Saturday, December 26, 2015

Uncle Cippi, Born Naturalist (San Vicente IS to the World Series)


Dr Abe V Rotor
Living with Nature - School on Blog
Paaralang Bayan sa Himpapawid (People's School-on-Air) with Ms Melly C Tenorio
738 DZRB AM Band, 8 to 9 Evening Class, Monday to Friday

We, boys in our time, soon after the war ended, found ourselves a bit of Huckleberry Finn and Tom Sawyer who knew well how to catch fish and crabs with bare hands, drop a bird from its perch with slingshot, hook a purong (mullet) with roasted lumot (alga)as bait - among many other skills that would qualify us today to take a survivor's test.

Faded photo of the late Uncle Cippi, grassroots' naturalist 

It is because we were disciples of a ranger in his own right, self-taught and tempered in the field and wildlife, and along the Busiing River that runs like the Mississippi River in Mark Twain's novels. He built the most accurate slingshot - perfect-Y, the most sensitive fishing pole that quivers at the slightest touch, and bird trap (taay) that ensnares small and big bird alike. He would point at the North Star or Big Dipper in a starry evening, "You won't get lost at sea, just consult the stars."  And he would tell the phase of the moon, when ipon (dulong) would enter the sabangan (mouth  of the river), or the mother bangus arrive to spawn.     

Believe me, Uncle Cippi - a title for being a distant relative of my dad, and trusted guide - knew when a typhoon is coming just by looking at the sunset, if rain would spoil our sipa game in the afternoon, pointing at the hovering dragonflies, or know if a suha (pomelo) is sweet or sour or bitter just by glance. "We have to walk fast," he would urge us curious at many things in the field, pointing at the drooping leaves of the acacia. Dusk is a time of the kibbaan and the unseen. Angelus is holy. Supper brings the family together. And he would be telling all these to us kids in low tone as we quickened our pace home.  
        
"Don't go near that hole," he would warn.  A snake could be hiding.  He knew if it's a rat tunnel. "See how smooth the entrance is?"  And we would retreat to arm ourselves with stick or anything. "No," he would calm us down.  "He is harmless, just leave him alone." And when we became cautious with the large holes on the river bank, he explained, "These are holes of burrowing crabs (gammarong). And he would set bamboo traps over the holes. (You can keep a gammarong as pet - just tie it around its carapace in a damp place and feed it regularly with morsels. This, he taught us, too.)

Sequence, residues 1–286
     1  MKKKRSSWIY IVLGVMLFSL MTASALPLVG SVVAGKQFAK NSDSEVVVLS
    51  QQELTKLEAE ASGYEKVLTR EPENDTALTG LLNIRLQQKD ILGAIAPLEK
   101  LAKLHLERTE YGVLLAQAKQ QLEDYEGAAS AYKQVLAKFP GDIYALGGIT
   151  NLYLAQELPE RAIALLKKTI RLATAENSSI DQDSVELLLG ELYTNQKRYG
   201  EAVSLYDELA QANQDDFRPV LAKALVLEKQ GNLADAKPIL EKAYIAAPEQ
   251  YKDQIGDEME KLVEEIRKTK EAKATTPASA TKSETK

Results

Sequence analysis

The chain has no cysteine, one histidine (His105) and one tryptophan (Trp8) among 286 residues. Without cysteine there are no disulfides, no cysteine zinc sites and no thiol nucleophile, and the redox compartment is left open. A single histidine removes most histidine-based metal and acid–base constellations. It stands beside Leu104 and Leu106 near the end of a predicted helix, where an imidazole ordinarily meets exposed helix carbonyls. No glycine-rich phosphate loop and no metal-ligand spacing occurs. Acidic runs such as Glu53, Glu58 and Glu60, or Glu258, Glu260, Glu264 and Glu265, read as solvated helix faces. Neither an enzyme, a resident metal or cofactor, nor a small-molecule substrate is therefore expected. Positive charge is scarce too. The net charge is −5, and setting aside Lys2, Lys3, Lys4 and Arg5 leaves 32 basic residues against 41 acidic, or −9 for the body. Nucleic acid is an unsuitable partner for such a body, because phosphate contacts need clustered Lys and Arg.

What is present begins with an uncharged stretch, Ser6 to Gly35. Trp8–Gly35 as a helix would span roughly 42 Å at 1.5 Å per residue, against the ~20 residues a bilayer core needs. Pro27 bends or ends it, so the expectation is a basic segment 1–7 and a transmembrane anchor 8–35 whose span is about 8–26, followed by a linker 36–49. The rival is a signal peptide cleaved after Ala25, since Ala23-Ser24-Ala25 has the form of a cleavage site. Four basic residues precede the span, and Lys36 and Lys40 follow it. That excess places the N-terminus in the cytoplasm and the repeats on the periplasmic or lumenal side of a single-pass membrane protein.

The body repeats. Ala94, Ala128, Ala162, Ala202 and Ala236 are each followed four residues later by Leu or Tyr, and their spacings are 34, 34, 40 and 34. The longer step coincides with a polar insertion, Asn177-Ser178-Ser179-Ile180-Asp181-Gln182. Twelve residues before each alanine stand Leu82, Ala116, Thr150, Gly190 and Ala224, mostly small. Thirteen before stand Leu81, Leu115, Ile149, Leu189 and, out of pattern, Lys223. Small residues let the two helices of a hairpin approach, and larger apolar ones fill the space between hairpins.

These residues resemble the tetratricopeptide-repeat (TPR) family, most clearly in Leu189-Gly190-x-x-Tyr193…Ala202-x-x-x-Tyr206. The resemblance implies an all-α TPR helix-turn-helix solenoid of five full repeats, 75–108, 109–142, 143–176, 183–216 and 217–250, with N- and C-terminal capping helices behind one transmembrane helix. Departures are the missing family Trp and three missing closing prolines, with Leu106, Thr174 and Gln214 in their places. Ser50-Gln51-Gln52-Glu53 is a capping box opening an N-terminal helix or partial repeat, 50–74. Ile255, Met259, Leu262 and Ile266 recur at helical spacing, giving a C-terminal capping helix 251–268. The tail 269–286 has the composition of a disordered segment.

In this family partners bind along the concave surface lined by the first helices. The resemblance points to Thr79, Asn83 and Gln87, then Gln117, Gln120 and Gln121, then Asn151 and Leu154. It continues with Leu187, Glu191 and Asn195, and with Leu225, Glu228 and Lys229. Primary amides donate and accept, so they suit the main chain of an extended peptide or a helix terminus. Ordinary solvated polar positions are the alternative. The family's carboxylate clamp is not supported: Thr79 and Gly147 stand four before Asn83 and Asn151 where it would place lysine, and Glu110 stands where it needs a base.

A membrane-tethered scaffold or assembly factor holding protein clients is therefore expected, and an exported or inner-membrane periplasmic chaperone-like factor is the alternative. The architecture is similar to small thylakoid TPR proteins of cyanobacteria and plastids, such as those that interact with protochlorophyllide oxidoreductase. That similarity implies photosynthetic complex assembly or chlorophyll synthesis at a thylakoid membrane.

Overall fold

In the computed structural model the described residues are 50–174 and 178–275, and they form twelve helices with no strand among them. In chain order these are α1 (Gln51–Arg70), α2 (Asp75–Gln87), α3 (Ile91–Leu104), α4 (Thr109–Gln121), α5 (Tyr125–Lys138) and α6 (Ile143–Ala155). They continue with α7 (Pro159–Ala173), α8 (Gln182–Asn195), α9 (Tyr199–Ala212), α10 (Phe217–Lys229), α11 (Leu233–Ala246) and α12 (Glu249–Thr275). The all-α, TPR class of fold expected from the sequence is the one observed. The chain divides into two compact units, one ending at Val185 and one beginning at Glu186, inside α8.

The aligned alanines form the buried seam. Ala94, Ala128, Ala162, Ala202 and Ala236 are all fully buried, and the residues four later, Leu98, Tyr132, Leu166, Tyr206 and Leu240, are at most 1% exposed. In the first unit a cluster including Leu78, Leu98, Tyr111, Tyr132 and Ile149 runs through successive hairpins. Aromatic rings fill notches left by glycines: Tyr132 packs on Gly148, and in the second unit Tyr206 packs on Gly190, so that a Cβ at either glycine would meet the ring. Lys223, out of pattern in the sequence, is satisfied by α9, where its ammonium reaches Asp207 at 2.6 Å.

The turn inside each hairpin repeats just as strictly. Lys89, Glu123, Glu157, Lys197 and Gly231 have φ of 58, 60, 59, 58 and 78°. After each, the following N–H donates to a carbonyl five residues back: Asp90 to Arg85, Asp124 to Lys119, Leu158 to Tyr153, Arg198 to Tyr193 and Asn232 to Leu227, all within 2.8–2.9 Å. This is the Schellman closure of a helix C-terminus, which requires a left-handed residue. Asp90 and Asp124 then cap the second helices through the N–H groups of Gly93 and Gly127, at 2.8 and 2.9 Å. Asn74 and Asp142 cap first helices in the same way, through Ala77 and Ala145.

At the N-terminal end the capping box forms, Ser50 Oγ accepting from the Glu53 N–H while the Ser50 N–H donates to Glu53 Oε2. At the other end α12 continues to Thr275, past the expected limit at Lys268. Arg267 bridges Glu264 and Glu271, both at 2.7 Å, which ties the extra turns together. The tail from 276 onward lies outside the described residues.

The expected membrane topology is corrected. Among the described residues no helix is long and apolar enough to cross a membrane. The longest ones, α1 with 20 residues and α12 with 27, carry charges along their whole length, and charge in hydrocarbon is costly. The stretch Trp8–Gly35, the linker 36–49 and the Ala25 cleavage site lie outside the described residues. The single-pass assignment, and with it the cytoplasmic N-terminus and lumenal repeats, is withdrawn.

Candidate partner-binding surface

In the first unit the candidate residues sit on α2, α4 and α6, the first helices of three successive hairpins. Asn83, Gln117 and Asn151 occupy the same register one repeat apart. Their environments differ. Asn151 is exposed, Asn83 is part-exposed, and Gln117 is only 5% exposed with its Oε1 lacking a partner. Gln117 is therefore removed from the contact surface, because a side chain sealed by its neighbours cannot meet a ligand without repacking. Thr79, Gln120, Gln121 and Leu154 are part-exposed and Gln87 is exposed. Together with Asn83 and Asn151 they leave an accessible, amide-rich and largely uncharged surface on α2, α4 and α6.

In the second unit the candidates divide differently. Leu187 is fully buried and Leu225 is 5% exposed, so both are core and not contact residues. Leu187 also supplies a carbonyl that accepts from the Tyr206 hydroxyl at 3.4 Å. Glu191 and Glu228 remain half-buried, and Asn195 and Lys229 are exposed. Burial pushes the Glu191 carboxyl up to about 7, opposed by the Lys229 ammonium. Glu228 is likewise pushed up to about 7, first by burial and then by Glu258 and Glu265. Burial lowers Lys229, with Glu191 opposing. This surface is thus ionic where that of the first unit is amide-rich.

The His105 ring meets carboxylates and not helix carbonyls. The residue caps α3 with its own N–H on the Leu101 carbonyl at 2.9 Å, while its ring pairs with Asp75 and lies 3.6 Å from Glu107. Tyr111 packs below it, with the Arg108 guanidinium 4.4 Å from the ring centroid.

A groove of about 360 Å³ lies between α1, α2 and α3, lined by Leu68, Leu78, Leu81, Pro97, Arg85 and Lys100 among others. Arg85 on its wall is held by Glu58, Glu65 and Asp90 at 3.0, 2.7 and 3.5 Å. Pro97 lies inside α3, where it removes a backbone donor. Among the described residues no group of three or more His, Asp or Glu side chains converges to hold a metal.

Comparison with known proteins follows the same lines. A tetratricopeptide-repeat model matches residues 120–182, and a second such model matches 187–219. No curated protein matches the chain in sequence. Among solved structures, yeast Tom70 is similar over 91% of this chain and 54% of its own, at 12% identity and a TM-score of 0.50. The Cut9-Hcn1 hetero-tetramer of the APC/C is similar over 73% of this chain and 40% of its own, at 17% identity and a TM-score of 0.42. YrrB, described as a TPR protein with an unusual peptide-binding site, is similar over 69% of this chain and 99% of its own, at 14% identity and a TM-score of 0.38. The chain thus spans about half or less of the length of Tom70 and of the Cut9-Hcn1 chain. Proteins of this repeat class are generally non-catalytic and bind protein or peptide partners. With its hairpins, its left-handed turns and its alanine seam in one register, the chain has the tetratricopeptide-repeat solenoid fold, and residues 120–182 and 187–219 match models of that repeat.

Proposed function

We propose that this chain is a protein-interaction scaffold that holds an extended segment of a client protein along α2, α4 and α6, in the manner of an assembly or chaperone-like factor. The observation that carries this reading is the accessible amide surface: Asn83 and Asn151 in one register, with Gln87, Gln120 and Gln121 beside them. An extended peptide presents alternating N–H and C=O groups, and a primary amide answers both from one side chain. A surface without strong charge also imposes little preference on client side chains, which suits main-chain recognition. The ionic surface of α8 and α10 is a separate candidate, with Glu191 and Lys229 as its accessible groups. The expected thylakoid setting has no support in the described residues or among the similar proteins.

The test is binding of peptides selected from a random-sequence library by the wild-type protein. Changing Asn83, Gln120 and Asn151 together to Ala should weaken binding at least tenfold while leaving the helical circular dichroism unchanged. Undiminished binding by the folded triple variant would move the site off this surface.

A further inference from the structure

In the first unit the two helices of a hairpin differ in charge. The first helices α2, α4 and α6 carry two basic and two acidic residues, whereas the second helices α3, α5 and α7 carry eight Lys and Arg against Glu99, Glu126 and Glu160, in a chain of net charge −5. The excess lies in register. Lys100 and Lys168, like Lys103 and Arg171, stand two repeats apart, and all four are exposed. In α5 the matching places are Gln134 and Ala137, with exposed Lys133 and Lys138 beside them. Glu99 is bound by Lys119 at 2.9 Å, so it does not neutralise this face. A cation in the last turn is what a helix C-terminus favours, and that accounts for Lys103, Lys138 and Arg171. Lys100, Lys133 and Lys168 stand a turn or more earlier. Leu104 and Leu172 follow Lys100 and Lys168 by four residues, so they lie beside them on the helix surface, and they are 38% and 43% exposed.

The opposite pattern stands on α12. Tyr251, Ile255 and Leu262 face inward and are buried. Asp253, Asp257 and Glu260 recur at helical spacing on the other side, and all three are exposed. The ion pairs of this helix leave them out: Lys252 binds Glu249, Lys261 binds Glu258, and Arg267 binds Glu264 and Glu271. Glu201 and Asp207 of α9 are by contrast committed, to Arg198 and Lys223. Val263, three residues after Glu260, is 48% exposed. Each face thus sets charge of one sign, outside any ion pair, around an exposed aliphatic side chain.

We would comb the riverbank for kappi (small crabs), shrimps and fish, picking along the way edible fruits of tul-tullaya (herbaceous weed), applas (wild fig), and during summer longboy (duhat), bugnay, salamagi (tamarind), and to quench our thirst, sugarcane or coconut. Who would think of the sun going down fast?  Then we would go home and dad would be waiting at the gate. But on seeing Uncle Cippi with us, his anxiety and fear would soon vanish. And he would offer an ungot (coconut shell cup) of basi wine to our day's guardian, and listen to our day's adventure, looking at us with pride and appreciation. 


Monument of Huckleberry Finn and Tom Sawyer, 

characters in Mark Twain's famous novels. 


It was purong time. Old and young tried their luck in fishing near the bridge going to San Sebastian, the farthest barrio.  Historically this is the Bantaoay River where the Basi Revolt of 1807 took place.  The river has not changed as history tells us, and it has not changed since we were kids. Oh, how nostalgic it is to visit the scene in old age!

There I see myself hooking a purong - probably half a kilo but with deceiving pull. I see my late brother hooking one fish after another. Now he has a dozen, but all medium. Then Uncle Cippi lands a big one after a struggle with the fish tiring itself.  You can hear a chorus of hurrah!  Along the bank and across the river, and clapping that joins the lapping of the shore. Our fishing guru bears a broad smile and takes off his wide brim hat.   

We had no camera. But the image remains fresh and vivid to this day. There was no trophy. But there was a champion - a champion of all time. A champion of boys growing up fast and strong to face the world of men.

Sixty years had passed.  I asked my sister if she can find a picture of our hero.  She sent me a worn out photo of his, seated on a wooden cart we once rode - the cart that took us boys to reach our dreams.~    

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